Corominas et al. (2009) applied modelling to optimise a biological nitrogen removal plant in Spain with a design capacity of 42,000 population equivalent (pe). The modelling enabled various aeration control strategies as well as the long-term impacts on final effluent quality to be evaluated. Energy cost savings of up to 30% were identified while maintaining the final effluent quality within the required standard. Musvoto et al. (2012) also applied modelling to investigate energy-saving operational measures at nitrifying activated sludge plants in the United Kingdom with design capacities of 158 Ml/d and 350 Ml/d. Measures identified included changes to aeration control strategies as well as implementing flow balancing using the catchment collection system and pump stations. It was identified that energy cost savings of up to 50% could be achieved depending on the measure implemented. The benefits of applying modelling to combine process operation optimization and energy use were also identified by Rieger et al. (2012). They applied modelling to develop aeration control strategies as well as improve total nitrogen removal at three Swiss WWTPs of design capacities 13 Ml/d, 38 Ml/d and 190 Ml/d. The identified aeration control strategies resulted in annual energy cost savings of up to 30% for the three plants. Total nitrogen removal improved by up to 40% with the optimised aeration control strategies. More recently, Guerrini et al. (2017) developed a tool for measuring the energy costs at WWTPs and identifying how they could be reduced based on double-bootstrap data envelopment analysis.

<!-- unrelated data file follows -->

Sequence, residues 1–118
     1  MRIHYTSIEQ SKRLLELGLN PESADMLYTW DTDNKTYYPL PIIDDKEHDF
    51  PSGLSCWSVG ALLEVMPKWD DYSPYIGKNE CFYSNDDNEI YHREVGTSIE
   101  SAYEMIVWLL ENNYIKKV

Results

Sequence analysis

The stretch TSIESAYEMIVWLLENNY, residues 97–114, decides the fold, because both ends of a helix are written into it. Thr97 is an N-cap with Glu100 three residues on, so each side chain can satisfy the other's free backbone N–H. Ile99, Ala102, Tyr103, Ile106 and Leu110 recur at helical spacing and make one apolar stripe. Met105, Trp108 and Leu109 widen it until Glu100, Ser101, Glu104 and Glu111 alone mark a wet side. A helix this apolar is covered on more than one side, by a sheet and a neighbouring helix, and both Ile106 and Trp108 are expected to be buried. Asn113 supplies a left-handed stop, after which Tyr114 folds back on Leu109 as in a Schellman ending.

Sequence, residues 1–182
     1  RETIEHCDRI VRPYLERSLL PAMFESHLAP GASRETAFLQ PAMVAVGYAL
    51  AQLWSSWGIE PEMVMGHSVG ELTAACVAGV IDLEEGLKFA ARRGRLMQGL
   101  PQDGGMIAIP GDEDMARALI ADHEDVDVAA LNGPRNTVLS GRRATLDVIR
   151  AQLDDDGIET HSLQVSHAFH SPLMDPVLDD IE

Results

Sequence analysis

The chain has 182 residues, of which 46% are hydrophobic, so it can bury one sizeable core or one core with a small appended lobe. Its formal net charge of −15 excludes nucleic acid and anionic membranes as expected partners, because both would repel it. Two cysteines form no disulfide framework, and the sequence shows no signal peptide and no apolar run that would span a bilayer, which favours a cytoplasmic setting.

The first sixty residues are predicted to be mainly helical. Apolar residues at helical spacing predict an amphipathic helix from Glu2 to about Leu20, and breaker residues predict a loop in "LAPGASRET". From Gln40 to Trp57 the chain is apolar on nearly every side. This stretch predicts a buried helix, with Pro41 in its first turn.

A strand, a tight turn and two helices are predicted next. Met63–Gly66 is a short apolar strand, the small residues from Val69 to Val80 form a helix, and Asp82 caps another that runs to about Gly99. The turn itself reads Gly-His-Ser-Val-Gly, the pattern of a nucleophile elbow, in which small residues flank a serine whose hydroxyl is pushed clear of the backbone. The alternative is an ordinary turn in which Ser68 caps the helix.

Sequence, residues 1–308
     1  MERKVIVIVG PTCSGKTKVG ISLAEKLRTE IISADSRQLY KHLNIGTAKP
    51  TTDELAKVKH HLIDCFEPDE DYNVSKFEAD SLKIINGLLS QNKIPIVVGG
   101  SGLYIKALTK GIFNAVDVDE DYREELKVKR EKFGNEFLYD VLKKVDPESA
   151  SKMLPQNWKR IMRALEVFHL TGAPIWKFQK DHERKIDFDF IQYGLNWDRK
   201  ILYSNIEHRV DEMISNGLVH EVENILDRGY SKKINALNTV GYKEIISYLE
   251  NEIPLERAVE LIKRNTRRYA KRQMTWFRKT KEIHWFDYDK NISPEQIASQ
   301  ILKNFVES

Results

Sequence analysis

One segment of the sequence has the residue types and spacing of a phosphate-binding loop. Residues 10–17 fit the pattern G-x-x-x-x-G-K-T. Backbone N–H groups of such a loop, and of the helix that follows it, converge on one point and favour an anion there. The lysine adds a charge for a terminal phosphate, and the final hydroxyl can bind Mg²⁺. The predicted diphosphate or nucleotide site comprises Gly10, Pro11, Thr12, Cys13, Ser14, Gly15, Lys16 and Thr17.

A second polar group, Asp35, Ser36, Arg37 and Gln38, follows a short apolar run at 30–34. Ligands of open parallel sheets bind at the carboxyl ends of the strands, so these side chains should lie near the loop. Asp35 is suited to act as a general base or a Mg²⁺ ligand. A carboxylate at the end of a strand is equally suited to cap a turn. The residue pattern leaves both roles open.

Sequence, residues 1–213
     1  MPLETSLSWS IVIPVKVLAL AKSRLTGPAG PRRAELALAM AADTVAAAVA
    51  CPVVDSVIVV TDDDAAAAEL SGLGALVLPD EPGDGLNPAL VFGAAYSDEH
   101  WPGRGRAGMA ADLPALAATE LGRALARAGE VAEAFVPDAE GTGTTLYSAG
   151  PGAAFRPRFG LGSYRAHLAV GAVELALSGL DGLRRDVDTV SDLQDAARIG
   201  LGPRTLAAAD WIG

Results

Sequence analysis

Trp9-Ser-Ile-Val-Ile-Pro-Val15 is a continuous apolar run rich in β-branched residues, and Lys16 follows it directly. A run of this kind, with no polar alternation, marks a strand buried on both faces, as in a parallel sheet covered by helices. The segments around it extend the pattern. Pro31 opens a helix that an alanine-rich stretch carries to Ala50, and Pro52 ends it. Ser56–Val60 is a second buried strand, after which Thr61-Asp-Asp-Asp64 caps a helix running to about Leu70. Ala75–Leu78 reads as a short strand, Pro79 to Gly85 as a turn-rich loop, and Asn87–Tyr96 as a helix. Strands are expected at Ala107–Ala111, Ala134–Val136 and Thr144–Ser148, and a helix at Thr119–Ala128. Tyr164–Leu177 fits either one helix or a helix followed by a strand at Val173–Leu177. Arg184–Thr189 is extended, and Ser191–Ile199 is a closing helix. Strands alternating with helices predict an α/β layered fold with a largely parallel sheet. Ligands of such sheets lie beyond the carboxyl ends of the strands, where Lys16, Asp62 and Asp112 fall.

In all the cited literature case studies, application of modelling to evaluate aeration ECMs has been identified as less risky and more cost-effective than directly implementing identified ECMs at full scale. Moreover, long-term effects on process performance and final effluent quality can also be predicted. It is therefore on this basis that the current study used advanced modelling and simulation to determine optimal process and aeration control strategies as well as providing potential future benefits in terms of both energy consumption and cost saving that can be realised within the South African wastewater sector through implementation of aeration ECMs.